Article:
"If' I'm going to be charging $XXX an hour for my time or whatever, I figure I should learn how to do things QUICKLY. Any fool can take 100 hours to model a super duper face by yanking vertices around."
Any fool CAN'T take 100 hours to model a super duper face. You can judge a modeler based on just looking at their work, regardless of how long it took them. Speed is really secondary, some artists might leave work at 3pm with all their work done, while the person across the room is their tweaking until midnight, but they could both be equal modelers. Both are on salary in this example, but if you're a contractor, adjust your rate accordingly until you reach the value of the finished product :)
Like allmost all things in life, get good, then get fast.
By trying to go as fast as you can, I think you're glossing over many important steps at the beginning. Your rough box model at the start could really benefit from taking the time to do some volume work. Your final model looks like it came from a box since you jumped to detail so fast.
Bad habits, danger danger :)
all just IMHO
12 December 2003, 10:17 PM
Hey, thanks for taking the time to respond.
Artistically, I agree with you, but realistically (meaning professionally) you are dead wrong. I work in advertising, and creative production in advertising is all about deadline deadline now now now faster faster. It's great to be able to spend or months of 90 hour weeks on a particular model, but really, in the professional world, your skill as an artist is as much dependent on your ability to deliver on time as it is to make beautiful geometry. That is why I give myself these exercises; to make myself work faster and more efficiently towards a goal. The goal in this case is not perfection but rather what was stated earlier.
On the model, the topology worked out quite well. I did some deformation tests to demonstrate:
I do definitely agree that I should have roughed out more large masses, but that I paid for it in time, not the appearance of the final model; it's pretty much exactly what I was going for (following a little point-tweaking after the hour) in my concept sketches.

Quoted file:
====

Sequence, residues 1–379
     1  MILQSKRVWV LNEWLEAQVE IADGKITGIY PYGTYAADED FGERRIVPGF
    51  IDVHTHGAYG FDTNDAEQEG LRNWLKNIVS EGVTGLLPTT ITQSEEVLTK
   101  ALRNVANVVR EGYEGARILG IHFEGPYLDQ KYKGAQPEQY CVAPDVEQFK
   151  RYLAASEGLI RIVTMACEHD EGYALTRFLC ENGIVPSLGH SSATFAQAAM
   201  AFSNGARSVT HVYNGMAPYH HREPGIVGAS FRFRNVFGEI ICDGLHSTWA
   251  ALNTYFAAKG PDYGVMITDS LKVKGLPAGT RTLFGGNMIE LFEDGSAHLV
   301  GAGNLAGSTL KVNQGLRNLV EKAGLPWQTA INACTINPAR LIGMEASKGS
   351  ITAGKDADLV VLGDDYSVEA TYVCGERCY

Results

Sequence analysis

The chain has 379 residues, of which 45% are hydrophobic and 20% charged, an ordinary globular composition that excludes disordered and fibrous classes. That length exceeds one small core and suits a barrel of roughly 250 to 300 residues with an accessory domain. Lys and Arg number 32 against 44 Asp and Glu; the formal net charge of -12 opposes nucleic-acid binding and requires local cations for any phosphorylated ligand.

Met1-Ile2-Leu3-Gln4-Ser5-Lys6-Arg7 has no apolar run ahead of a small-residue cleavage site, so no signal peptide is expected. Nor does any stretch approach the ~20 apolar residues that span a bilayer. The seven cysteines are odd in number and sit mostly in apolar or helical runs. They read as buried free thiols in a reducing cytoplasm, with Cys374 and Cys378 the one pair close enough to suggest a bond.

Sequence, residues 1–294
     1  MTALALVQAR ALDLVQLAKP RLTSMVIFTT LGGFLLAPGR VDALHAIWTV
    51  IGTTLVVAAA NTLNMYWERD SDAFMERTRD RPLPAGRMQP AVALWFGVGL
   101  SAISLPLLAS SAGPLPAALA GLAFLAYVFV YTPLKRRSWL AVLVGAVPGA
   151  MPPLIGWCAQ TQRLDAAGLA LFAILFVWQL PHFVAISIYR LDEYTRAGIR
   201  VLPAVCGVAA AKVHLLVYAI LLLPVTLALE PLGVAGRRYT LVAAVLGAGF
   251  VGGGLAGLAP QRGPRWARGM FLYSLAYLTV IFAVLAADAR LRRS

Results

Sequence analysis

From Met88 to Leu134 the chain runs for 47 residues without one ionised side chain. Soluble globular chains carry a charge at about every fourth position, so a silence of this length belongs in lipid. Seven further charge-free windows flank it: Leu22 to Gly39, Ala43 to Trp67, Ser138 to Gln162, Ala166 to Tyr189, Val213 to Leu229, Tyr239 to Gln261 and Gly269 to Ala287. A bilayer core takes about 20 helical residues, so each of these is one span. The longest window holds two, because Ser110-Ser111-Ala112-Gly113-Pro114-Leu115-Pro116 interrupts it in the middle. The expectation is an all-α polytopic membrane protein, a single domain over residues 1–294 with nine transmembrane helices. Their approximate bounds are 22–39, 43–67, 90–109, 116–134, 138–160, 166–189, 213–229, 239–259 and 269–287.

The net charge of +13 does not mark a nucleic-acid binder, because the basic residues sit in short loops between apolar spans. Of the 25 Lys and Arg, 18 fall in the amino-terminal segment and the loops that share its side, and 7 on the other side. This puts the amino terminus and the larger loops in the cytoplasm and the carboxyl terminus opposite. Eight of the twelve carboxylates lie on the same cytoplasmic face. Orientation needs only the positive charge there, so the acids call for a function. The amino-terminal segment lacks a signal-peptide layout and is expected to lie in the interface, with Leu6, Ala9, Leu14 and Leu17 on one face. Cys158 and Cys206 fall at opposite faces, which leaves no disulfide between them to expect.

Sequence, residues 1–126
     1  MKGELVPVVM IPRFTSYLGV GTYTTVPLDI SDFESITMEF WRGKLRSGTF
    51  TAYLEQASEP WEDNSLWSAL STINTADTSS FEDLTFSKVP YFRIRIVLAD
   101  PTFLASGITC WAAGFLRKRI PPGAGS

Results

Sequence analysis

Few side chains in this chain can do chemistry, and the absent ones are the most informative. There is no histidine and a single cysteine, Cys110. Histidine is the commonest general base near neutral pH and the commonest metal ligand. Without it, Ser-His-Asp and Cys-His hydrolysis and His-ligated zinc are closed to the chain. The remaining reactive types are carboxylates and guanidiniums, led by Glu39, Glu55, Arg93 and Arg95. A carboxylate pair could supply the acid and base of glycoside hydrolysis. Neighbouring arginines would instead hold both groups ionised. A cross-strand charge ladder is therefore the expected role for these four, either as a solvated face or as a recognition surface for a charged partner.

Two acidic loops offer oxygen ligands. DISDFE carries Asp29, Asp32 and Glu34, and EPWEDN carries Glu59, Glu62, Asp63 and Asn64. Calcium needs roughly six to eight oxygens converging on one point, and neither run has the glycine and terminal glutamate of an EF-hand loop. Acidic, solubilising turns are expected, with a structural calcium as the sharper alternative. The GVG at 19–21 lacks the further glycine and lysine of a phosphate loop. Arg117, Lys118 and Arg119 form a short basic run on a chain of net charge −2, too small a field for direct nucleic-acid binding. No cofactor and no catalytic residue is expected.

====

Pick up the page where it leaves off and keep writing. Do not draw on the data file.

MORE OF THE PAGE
Meaning I could have got there faster.
12 December 2003, 02:14 PM
hey there pur9e. ive seen your thread at spiraloid last week and saved a copy on my computer.
like other spiraloid lurkers, ive been there for quite some time and been reading and reading the great amount of information there is.
because of you and the rest of the spiraloid guys, I went on and bought camtasia and started recording myself modeling a head (or trying to model a head) and its really helping out alot.
i just got one request, can you give me tips (or possibly post a short small timelapse) on how to make the end of the nose where the holes are (sorry i dont know what its called). it would be a great help.
thanks again and i hope to get good enough to share my timelapses with you people.
12 December 2003, 03:22 PM
On this particular model, all I really did for the nostrils was select a face on the bottom of the nose, extrude it inwards, and rearrange the resulting topology for quads and flows. It kinda of varies from face to face; this character has a tiny tiny nose.
I hung out at Spiraloid for months and months before I began to post. Seemed like the right thing to do.
12 December 2003, 03:21 PM
Hey man I just finished making this head about in about an hour and few..I tried but i made hella mistakes. I will make another head right now but I want to show you what i did.
I know where the areas I have to fix but the thing is I dont know how to fix them. I feel like im adding to many loops and i know my loops are pretty damn bad. Dont mind the half back part of the head..im trying to focus on main frontal face for now.
12 December 2003, 08:58 PM
Very few people can make an articulated head in one hour. Well done.
01 January 2006, 02:00 PM